And they all died happily ever after (except David).

1 Samuel: In Review

Well at least this book hasn't been boring. Reading stories is much better than reading a book of law.

God seems to have slowly gone away in the book of Judges. By the time we get to 1 Samuel, God is barely even an active character. He offers advice a couple of times, and pretends to be Eli to talk to Samuel. I don't remember anything terribly miraculous.

God is absent while there is a tyrant ruling his favorite people. He is silent while Saul chases after his chosen king David. He is silent while David goes to live with the Philistines, who worship false idols. He is silent while David is ready to go fight Israelis, the people he has been chosen to lead.

The big question I'm left with in 1 Samuel is, where is God?

*News*
Bible news was pretty slow today, luckily I have my own interesting story!

I was sitting in my data structures class (which is a class about computers, for you non Computer Science majors) which is usually a pretty boring hour and a half long lecture. My professor (who shall remain nameless) seems to think it's pretty boring too and ends up going on pointless rants a lot.

Here's a couple of examples of his rants so you know what I'm dealing with:

If you can't get your homework done, just sit down and "have a coke". This will apparently inspire you and you will immediately stop procrastinating and be productive.

Don't have a huge meal before an exam, because you will have to poop midway through the test.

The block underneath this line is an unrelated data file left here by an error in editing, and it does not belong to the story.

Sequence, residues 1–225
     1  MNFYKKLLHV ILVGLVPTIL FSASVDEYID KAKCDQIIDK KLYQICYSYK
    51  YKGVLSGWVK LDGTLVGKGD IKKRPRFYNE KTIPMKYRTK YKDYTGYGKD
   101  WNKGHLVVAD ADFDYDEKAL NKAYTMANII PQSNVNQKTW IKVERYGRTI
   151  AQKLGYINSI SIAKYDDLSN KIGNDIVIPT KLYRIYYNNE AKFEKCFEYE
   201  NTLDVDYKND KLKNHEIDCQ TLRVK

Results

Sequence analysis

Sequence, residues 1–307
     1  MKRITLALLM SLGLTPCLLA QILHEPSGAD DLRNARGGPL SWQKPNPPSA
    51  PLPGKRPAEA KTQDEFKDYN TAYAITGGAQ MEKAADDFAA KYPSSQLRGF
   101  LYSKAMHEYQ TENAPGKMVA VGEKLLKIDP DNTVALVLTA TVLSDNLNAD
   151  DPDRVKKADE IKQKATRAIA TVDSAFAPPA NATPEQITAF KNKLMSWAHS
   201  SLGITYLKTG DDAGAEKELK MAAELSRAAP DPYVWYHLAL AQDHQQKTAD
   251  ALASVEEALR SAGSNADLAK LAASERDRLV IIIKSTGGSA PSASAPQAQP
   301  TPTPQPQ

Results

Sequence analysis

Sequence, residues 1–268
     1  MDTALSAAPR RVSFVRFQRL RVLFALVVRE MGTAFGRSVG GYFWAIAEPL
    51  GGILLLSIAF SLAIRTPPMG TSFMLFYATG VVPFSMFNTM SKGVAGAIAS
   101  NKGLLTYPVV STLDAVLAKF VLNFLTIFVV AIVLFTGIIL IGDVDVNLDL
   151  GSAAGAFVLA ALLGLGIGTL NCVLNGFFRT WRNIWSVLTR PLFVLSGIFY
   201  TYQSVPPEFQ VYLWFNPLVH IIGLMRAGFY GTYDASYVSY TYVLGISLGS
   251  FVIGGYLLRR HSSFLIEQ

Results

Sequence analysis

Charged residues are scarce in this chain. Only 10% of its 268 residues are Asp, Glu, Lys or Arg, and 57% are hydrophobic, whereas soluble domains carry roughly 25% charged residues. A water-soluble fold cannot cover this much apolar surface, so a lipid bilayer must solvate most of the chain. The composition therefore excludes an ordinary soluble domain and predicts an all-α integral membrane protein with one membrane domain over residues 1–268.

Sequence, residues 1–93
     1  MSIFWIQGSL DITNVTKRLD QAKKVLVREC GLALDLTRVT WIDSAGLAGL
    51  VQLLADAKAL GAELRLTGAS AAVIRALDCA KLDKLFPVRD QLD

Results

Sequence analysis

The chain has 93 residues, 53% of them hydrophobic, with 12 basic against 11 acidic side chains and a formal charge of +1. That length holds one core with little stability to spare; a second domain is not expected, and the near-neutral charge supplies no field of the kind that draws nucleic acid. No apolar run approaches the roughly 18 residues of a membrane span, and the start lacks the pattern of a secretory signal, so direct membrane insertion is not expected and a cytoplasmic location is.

Maybe good advice, but irrelevant for data structures.

Now we come to today, it's near the end of the hour and he runs out of things to talk about. He starts out by talking about the Prisoner's Dilemma, which is an interesting game theory problem that's at least somewhat relevant to Computer Science.

From this he got himself off on a tangent about teamwork, namely teamwork in the natural world (we're now officially not talk about data structures). He suddenly says, "I have a book I want to tell you about that's really influenced my life". At this point I'm thinking oh no, please not some religious book. The next thing he says is, "First, I want to tell you that I'm a religious man, you know, I believe in God". Oh no! I'm certain he's going to start preaching to us now. I start thinking of all sorts of things I'm going to say that will probably get me sent to the dean of students.

He finally gets ready to tell us what the book is. I get ready to retort with the sum of my biblical knowledge. And the book is... The Selfish Gene, by Richard Dawkins. What?! He then talked for at least 10 minutes about how he puts the theory of evolution in the same category as the theories of Newton and Einstein. Why did he mention that he was so religious? So he could tell us that he thinks evolution and religion don't conflict at all.

Maybe there is hope in Indiana.

I was strangely reminded of the (false) story of the atheist professor at USC.